live in phnom penh

Could I Live Here? Phnom Penh Edition

Before coming here, the impression I had of Phnom Penh was generally that it’s not worth staying too long and that Siem Reap is better. It might be, I don’t know yet. But I do know that Phnom Penh has been delightful.


Phnom Penh has all the markings of a typical Southeast Asia capital. It’s bustling yet chill. As soon as I arrived and saw the tuk tuks and motorbikes weaving through traffic, I felt a kind of happy warmth. Getting into the more central part of the city, the vibe is even more welcoming and interesting. Tiny hidden away restaurants line little alleys with no sidewalk where you just peacefully share the road with the motorized traffic. There are great restaurants and cafes to sit and have a drink and even where people are working on computers. There’s also a wonderful mix of cheap dive bars and classy cocktail places so your nightlife can be a shitshow or… a classier shitshow.

Getting around

live in phnom penh
I found getting around Phnom Penh much safer and easier to manage than anywhere in Thailand, which I adored in its own right. Not only is the city walkable, tuk tuks are everywhere offering you a lift. At first I was a bit overwhelmed by the attention and was wondering if we would spend the rest of our time getting harassed and trying to turn rides down. But by the second night after dinner, I was kind of disappointed when there wasn’t a tuk tuk already waiting for us outside the restaurant, as I had come to expect. They’re also dirt cheap, $2-4, to get you almost anywhere in the city. And if you don’t need one, a simple no usually suffices.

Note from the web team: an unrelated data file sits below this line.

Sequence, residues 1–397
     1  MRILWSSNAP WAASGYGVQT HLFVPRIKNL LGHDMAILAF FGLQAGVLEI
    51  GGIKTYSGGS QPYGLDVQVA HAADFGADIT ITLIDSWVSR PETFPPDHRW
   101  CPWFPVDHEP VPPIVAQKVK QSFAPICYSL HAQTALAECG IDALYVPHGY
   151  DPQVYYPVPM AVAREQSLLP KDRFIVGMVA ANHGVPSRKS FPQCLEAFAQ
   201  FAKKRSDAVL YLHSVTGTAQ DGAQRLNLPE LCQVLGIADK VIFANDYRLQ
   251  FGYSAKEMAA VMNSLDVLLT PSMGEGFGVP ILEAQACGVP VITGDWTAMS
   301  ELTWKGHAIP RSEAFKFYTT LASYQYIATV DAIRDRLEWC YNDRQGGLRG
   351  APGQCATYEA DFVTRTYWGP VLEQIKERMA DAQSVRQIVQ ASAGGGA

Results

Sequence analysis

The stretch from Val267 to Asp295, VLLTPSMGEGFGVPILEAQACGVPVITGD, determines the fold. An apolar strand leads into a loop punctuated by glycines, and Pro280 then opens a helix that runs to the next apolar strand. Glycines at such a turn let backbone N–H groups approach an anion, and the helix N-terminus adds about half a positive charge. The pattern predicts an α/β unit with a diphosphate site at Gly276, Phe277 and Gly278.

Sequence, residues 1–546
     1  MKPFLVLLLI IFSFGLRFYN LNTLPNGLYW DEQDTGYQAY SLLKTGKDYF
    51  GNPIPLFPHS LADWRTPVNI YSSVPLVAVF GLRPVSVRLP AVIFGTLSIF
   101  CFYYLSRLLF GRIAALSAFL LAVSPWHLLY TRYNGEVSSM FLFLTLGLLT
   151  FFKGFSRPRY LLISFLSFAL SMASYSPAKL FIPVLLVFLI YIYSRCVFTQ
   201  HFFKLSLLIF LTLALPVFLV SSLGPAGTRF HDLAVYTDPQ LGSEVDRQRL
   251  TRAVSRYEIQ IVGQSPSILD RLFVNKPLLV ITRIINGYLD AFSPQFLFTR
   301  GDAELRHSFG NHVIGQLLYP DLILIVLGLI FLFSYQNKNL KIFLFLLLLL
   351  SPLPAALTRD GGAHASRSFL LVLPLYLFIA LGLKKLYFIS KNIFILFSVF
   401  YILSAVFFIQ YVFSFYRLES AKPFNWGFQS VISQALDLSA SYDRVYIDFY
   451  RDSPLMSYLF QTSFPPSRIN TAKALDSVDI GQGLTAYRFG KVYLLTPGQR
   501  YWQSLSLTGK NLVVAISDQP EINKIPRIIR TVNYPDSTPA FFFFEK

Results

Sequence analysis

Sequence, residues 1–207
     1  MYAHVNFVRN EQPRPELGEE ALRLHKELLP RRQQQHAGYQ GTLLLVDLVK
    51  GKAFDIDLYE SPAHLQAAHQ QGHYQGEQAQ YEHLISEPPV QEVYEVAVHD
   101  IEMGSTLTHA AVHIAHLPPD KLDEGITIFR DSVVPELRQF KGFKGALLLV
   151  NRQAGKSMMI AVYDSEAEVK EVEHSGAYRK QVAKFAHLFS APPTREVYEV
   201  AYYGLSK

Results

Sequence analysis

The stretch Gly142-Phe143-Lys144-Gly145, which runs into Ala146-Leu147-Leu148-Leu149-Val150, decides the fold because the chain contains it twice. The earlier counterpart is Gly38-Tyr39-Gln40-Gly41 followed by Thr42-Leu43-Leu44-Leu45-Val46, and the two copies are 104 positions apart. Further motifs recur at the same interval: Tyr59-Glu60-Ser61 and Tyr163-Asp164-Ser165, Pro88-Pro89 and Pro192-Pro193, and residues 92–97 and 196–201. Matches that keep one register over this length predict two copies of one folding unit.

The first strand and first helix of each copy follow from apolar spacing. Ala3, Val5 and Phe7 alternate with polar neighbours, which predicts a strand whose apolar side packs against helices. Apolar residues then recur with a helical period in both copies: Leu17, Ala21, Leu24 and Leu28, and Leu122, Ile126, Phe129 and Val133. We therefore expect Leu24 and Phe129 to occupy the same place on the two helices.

Being Hispanic, I always forget that you can be poor and (gasp) honest! The people here are so incredibly kind. They’ll run you down to give you change on one dollar you didn’t realize you were owed. You can safely hand a tuk tuk driver your iPhone to show him where you need to go and know without any doubt that they won’t speed off with it. When my friend fell and sprained her ankle, everyone from the hotel to people on the street all stopped what they were doing to do what they could to help. I would feel safe and taken care of living around people like this.


live in phnom penh
God the food here is incredible. I haven’t had one bad meal, though I do feel like I’m already sick of lemongrass. Nonetheless the amok, the lok lak, curries and other Cambodian delicacies are to die for. I thought I would be more enamored with the street food, but I have the fear of God about getting sick like I did in Peru, and nothing in particular called out to me to make it worth taking the chance. It’s a lot of noodles and what looks like dried fish.


Though Phnom Penh doesn’t suffer from nerve wracking monsoons that affect more coastal areas, the weather is unbearable. I can’t deal with humid weather in the 90s on a regular basis. More importantly neither can my hair. It also rains torrentially at random. This alone is enough to knock Phnom Penh out of the running to be truly livable, even though I love everything else about it.

Total livability score: 6/10

live in phnom penh
If I hadn’t discovered the row of cute themed bars on Bassac Lane, this would be a 4. The weather sucks that bad. But ultimately, I think the city has a lot to offer.


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